By Douglas W. Nelms | November 1, 2005
The international helicopter industry appears to be going into an era of prosperity following decades of flatness. That's the good news. The bad news is what's helping it along.
OVER THE PAST TWO YEARS, CIVIL HELICOPTER OEMS have been filling their order books, with both Bell and Sikorsky on track to double their sales and revenue by decades end, Eurocopter reporting equally solid sales and Bell/Agusta Aerospace predicting the sale of 50 AB139s per year over the next 20 years.
S0--What's going on? Why is the helicopter market booming for the manufacturers after decades of absolutely flat sales?
One reason is the growth of the EMS industry, with both expansion and replenishment of that industry's fleets. Another is the growth of the offshore industry, which also is expanding and replenishing its fleet.
Jeff Pino, Sikorsky senior vice president, sales and commercial products, noted that Sikorsky recently announced the two biggest commercial orders in the history of the company, "and possibly the two biggest commercial orders, ever." Both had to do with oil exploration. These included an order for 35 S-76s to Offshore Logistics with an option on an additional 24 S-76s, with deliveries to start this year and be completed by 2012.
Unfortunately, there is also the worldwide oil crisis, not to mention hurricanes. It is not the cost of a gallon of jet fuel itself that is a major factor to the industry. Pino said that "the actual percentage of the cost of operation of a helicopter when you double the fuel price is really not huge to the operators. It's not insignificant, but it is not enough to keep them from flying."
However, what is impacting the industry is the cost of a barrel of oil and the impact of hurricanes on the oil industry. While offshore activity will obviously increase after the destructive forces of hurricanes in the Gulf of Mexico, the industry has also started to see an increase in onshore exploration. "Oil wells that have been capped are being uncapped, drilling is up significantly and exploration will continue," said Larry Roberts, vice president, commercial affairs for American Eurocopter. "Ultimately that will mean a certain percentage in helicopter sales. I can't tell you how much that will be, but it will certainly mean an increase in the market."
Pino noted the cost of fuel as a "two-edged sword." While it costs more to fly, it also means that the oil companies "are able to spill over some money into our primary commercial market and allow them to replace equipment and buy new equipment."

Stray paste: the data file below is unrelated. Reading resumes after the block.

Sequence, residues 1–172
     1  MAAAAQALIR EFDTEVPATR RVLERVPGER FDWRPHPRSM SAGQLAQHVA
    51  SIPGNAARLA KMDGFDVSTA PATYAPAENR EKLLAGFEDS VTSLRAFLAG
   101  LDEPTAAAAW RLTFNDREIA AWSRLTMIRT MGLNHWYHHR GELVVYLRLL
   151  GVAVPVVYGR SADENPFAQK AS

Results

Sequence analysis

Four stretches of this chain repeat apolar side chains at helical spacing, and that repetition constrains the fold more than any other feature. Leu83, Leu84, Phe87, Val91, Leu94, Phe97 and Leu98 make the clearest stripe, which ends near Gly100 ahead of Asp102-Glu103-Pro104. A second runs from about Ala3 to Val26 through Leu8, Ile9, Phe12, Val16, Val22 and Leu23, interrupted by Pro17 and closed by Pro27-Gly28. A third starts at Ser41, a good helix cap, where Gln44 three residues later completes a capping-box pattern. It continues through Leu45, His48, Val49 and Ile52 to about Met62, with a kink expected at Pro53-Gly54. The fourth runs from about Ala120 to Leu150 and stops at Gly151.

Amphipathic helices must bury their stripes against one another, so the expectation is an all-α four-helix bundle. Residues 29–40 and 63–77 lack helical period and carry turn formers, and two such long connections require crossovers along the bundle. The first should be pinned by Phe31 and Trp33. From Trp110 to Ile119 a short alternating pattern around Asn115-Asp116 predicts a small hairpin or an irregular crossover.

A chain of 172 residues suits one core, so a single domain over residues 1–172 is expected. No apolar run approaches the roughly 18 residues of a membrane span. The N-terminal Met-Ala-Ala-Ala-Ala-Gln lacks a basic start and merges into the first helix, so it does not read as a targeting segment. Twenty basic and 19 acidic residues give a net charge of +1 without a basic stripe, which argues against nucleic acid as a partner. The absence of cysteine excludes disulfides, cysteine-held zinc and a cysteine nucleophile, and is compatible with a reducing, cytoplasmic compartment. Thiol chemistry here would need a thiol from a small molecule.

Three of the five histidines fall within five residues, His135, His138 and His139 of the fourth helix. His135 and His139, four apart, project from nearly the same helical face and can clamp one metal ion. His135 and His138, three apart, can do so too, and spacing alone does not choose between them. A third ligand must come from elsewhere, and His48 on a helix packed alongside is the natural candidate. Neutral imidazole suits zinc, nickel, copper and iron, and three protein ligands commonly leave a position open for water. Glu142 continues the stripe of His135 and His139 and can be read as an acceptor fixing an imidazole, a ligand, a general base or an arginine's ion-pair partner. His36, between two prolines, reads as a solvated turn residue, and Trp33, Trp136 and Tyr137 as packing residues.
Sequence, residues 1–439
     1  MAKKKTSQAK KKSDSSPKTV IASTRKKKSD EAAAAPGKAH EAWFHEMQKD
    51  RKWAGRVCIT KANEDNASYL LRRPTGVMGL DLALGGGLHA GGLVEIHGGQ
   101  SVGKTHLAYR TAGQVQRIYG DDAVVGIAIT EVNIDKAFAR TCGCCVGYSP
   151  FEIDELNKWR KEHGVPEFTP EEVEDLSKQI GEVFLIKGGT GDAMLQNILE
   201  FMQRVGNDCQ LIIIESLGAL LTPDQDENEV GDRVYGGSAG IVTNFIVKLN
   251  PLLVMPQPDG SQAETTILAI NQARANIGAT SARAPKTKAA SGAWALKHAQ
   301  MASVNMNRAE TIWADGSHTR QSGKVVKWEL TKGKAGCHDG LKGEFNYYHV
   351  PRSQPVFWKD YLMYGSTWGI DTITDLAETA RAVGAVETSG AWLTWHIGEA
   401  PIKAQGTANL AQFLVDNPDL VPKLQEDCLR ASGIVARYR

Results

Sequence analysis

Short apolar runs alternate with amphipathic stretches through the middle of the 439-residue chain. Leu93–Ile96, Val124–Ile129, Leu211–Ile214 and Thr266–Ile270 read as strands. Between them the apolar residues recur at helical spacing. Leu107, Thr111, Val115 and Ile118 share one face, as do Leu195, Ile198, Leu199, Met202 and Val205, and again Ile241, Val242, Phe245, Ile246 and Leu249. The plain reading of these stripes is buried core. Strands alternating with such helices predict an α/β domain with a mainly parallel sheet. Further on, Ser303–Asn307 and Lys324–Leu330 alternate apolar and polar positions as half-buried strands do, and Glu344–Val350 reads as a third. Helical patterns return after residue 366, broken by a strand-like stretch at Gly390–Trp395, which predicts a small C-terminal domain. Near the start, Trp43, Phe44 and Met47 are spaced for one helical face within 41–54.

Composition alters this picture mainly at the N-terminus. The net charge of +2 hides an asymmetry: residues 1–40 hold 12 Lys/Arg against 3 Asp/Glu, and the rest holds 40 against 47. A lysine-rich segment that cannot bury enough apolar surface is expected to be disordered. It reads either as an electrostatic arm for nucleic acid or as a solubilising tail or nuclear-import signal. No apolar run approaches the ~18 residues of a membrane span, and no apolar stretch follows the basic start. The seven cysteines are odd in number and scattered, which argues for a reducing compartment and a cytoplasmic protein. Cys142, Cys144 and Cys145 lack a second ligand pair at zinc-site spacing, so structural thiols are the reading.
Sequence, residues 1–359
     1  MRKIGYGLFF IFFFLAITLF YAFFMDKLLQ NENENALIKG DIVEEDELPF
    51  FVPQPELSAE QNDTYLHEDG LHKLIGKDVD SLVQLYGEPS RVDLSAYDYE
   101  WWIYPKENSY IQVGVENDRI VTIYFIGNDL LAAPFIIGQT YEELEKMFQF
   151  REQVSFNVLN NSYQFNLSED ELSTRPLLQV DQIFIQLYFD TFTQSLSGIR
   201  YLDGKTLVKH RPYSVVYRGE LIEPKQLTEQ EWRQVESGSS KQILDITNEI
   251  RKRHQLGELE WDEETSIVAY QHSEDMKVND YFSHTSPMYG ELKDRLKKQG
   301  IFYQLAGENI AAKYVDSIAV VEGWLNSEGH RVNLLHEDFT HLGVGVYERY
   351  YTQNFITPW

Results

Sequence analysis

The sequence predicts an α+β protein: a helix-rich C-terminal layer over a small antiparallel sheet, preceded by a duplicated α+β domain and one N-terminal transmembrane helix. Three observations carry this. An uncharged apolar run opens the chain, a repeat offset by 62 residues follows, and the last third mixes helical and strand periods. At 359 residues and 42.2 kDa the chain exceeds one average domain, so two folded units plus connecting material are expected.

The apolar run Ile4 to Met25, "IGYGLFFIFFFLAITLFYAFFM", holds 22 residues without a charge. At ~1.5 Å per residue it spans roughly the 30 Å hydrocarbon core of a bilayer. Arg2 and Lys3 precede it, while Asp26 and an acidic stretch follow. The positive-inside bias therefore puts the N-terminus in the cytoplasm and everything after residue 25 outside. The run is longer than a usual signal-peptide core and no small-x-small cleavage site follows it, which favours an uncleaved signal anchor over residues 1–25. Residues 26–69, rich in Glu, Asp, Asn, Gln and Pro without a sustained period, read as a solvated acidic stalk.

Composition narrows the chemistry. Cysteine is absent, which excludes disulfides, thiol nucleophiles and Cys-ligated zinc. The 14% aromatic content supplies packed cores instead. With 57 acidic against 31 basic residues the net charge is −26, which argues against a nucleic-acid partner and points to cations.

One of the biggest impacts of hurricanes on the helicopter industry for the coming year will be the images of helicopters responding to the destruction of the U.S. Gulf Coast states. "You sit and watch the major news channels and see all the wonderful work that's been done by pilots and helicopters in New Orleans, and it is very hard to dismiss in any measure the lifesaving work the helicopters have done," Roberts said. "From the president on down, the attention that has been given to helicopter operations is huge. It will open up a lot of eyes of folks who may not have considered helicopters in the past. I think that will impact not only at the commercial level, but also for local flying. When you see the wonderful work that has been done by helicopters down there, I think it is going to generate sales. The image certainly will increase the view of the general public, who always thinks of helicopters as being unsafe."
Another factor in the growing market for new helicopters is that the used market has become virtually extinct.
"A few years ago helicopter sales were down and the OEMs cut way back on production," said Ron Bower of Bower Helicopters. "The production rate of JetRangers was cut back to single digits per year, while Long Ranger production was in the low double digits. And it's not just Bell. It's all the manufacturers. So now it's hard to find a good, low-time used helicopter."
The Weak Dollar
Ed Eckhart, president of Eckhart Helicopter Sales, said that good used helicopters should start coming on the market within about 18 months as operators take delivery of new aircraft. However, the current long lead time for deliveries of new aircraft (as much as 2.5-3 years), will cause that transition to be gradual.
He said that companies such as Air Logistics down in the Gulf have ordered a large number of Sikorsky S-76s and Bell 407s, "so you're getting big orders like that, and the next thing you know the (order book) is sold out for the next couple of years. So you have people who have good five- or seven-year-old aircraft who are thinking of turning them over, but they can't because they can't get a replacement ship for two years."
Another reason for a depleted used market is the weak dollar. With the pound and the euro being particularly strong against the dollar, Europeans are scavenging the U.S. used helicopter market. "It's like free money," Bowers said. "You can get a 10-percent discount by buying internationally in a weak currency. But it fluctuates. When the dollar strengthens, we'll go vulture over in Europe and other countries that have good maintenance."